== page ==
On the 1st October, a ship from Bayonne brought a royal letter written on 3rd September at Harfleur to the cities of Bordeaux and Bayonne. Henry V requested them to send him food and particularly wine to support his siege. The machines are not mentioned in the letter. The same day, the former chancellor of Guyenne, the Bordelais Johan du Bourdieu, doctor of the University of Oxford, present at the siege of Harfleur, requested this wine for Henry V and the money for the earl of Dorset.
Ten days later the jurats met to discuss sending wine and concluded the meeting by the introduction of a tax on the loading of wine to honour their promise to Dorset. On 13th October, it was decided that 200 tuns of wine would to be sent. At the end of the same month, the jurats decided that, as winter was coming and as there was little chance that the king-duke would continue to campaign, the promised machines would not leave Bordeaux.
News of the victory of Agincourt appeared in the Registres on 23rd November 1415, when the jurats summoned the people of Bordeaux to announce the good news of the king’s “victory of Picardy” and resolved to send ambassadors to Henry V in order to congratulate him.
Finally, on December 7th, the mayor, the clerk of the city and Espina boarded the Bayonnais ship of Master Nicholon de Sent Johan with part of the promised wine. This gift was well received according to what Espina asserted in a letter dated 5th March 1416, but he also reported the annoyance of the king-duke and Dorset concerning the lack of the promised 29,000 crowns (écus).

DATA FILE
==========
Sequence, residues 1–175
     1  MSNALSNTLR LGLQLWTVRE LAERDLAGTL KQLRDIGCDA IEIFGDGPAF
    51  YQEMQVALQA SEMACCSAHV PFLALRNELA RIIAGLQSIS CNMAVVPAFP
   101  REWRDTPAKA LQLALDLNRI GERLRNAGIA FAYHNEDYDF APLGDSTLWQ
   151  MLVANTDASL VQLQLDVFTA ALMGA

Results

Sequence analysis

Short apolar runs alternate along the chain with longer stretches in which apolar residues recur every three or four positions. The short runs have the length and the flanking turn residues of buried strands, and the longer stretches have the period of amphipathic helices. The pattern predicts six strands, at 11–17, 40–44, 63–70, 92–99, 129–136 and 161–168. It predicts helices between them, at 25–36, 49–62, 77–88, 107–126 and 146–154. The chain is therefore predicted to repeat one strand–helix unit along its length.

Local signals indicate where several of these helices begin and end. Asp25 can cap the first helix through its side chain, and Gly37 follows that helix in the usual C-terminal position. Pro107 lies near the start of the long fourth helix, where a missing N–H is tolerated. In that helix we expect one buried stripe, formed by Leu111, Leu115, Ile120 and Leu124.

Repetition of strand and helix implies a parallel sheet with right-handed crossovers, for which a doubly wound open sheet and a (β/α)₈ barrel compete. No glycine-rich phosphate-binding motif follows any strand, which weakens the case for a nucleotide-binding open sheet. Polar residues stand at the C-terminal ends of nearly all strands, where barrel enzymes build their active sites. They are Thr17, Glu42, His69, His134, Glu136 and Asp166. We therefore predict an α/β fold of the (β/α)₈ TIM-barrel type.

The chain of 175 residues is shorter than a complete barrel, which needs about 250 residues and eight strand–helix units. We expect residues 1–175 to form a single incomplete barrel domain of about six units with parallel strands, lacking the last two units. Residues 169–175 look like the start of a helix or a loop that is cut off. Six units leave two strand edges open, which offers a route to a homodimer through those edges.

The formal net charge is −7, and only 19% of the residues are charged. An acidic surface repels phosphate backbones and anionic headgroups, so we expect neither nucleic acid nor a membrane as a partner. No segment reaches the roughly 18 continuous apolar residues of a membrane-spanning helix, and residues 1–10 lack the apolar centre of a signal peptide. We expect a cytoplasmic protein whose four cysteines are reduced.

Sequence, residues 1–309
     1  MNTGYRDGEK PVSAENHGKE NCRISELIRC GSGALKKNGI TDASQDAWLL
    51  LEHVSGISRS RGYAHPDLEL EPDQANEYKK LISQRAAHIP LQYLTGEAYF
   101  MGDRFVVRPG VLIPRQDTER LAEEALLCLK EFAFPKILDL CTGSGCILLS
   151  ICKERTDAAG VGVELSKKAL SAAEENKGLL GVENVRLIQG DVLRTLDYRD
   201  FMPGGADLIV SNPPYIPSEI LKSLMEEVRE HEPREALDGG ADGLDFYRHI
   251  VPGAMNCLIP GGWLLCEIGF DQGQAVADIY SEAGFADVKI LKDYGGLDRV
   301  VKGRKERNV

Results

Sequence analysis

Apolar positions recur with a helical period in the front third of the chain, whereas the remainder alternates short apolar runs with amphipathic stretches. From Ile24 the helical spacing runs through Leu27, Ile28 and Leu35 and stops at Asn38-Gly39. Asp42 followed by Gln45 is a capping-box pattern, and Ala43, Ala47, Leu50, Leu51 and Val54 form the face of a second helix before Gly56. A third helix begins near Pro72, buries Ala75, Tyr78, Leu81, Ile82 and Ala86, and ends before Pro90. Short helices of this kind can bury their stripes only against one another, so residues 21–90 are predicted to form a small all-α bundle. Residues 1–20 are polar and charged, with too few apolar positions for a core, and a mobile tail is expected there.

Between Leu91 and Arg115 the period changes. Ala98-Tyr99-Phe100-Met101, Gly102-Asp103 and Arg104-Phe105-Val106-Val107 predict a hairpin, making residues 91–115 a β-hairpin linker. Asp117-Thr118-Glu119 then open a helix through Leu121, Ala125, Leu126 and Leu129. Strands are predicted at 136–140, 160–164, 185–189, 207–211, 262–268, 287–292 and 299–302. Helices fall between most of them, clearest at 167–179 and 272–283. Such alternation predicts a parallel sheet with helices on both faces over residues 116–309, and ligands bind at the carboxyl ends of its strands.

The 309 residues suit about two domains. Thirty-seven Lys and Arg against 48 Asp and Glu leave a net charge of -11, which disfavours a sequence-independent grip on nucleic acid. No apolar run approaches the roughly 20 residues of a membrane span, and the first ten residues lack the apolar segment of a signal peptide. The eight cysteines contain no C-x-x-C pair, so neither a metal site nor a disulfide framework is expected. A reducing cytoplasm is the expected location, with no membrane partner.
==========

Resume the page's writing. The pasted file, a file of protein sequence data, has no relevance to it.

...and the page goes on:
It is likely that the people of Bordeaux welcomed the Agincourt victory only moderately. For them the local situation did not improve: the Gascon supporters of the king of France were still a serious threat, the “gift” to the earl of Dorset was a burden to the duchy and poisoned somewhat their relationship with Henry V. Worse still, they knew that in case of an emergency in their area, it would be very difficult for Henry V to organize a large-scale expedition to rescue them. They feared with good reason that the he would be more focused on Northern France and Normandy than Aquitaine. The same kind of attitude can be noted with the community of Bayonne, the second city and main port of the Anglo-Gascon duchy. Local defence was uppermost for them. Henry V’s expedition in Northern France was considered not as a priority for the Anglo-Gascons although they kept their fidelity towards their king-duke. They considered their constrained resources had to be used in priority for their own protection and for their own war aims.
Further reading: M. Vale, English Gascony 1399-1453 (OUP, 1970); V. Haure, ‘Bordeaux à la fin du Moyen Âge, une puissance militaire. Composition et organisation de ses forces armées’, Annales du Midi, vol. 126 (2014). Sources are available in Archives municipales de Bordeaux, Registres de la jurade, vol. 3, 1406-1409 (Bordeaux, 1873), vol. 4, 1414-1416 et 1420-1422 (Bordeaux, 1883). Some are translated in A. Curry, The battle of Agincourt. Sources and Interpretations (woodbridge, 2000, 2009), pp. 442-6, thanks to G. Pépin and L. Boquet for their friendly support.
Vincent Haure, Université Bordeaux-Montaigne
Top image is of the coat of arms of the city of Bordeaux, supplied by Guilhem Pepin, bottom image is also of the coat of arms of the city of Bordeaux, in colour, supplied by Vincent Haure